WFH set to be mandatory in the Philippines
While many companies in Asia are beginning to plan their return to the workplace, remote working in the Philippines is set to represent the ‘new normal’ in the country.
A new bill filed by senator Imee Marcos proposed that mandatory work-from-home (WFH) arrangements be offered to employees “whose physical presence in the workplace is not necessary for the completion of his/her job, and who has been with the company for at least one year.”
The proposed bill, explained Marcos, aims to “strengthen the telecommuting law by making it mandatory, and not merely optional.”
Signed into law in December 2018, the Telecommuting Act defined telecommuting as a work arrangement that allows an employee to perform his tasks from an alternative workplace with the use of telecommunication and/or computer technologies.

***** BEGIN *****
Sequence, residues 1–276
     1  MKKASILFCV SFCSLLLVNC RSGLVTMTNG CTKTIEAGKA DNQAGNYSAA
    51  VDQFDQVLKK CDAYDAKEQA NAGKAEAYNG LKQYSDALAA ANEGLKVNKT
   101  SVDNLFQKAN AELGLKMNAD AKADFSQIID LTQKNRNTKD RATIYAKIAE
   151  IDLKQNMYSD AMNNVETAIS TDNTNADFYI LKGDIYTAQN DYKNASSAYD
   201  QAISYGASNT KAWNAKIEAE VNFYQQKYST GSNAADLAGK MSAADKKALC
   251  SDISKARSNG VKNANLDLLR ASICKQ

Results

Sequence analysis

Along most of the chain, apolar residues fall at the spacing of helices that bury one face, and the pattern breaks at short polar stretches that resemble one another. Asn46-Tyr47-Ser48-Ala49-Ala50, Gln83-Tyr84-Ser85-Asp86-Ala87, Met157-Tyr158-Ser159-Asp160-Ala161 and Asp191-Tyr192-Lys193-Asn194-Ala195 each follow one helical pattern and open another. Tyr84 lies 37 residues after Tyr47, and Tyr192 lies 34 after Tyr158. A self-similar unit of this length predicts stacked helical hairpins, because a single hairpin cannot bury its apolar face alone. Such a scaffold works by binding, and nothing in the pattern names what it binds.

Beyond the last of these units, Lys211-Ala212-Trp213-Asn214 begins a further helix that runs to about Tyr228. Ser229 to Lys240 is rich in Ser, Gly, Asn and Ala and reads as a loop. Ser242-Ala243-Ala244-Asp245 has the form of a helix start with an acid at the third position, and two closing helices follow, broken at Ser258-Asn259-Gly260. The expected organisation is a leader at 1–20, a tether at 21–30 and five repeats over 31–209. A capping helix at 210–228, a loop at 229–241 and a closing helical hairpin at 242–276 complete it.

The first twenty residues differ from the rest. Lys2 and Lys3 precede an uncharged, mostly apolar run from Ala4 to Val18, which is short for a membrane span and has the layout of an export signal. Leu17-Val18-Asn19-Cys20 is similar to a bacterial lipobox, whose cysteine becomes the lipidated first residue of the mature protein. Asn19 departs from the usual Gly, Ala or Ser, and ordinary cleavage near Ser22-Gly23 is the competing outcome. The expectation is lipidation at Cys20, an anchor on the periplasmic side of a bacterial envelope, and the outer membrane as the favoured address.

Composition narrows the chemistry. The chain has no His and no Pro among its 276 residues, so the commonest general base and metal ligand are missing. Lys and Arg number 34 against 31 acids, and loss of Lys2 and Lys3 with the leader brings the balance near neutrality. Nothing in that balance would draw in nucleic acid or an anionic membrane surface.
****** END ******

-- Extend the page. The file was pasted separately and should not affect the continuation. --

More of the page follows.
For the new bill, Marcos added, “Should the physical presence of the employee be necessary for a particular task, the employer may require his/her attendance in the workplace, within office hours and during weekdays, but not more than twice a week.”
Should the bill be passed, employers are also required to indicate in employment contracts the eligibility of a given position for telecommuting.
The proposed bill comes as the Philippines government extended the general community quarantine (GCQ) of Metro Manila and several other provinces until June 30. Other cities, such as Cebu, which is currently experiencing one of the highest COVID-19 rates in the country, continues to be placed on the more stringent enhanced community quarantine (ECQ).
Under the GCQ, selected industries are allowed to operate at up to 75% capacity, while only a limited number of people employed in industries providing essential services are allowed to go to work under the ECQ.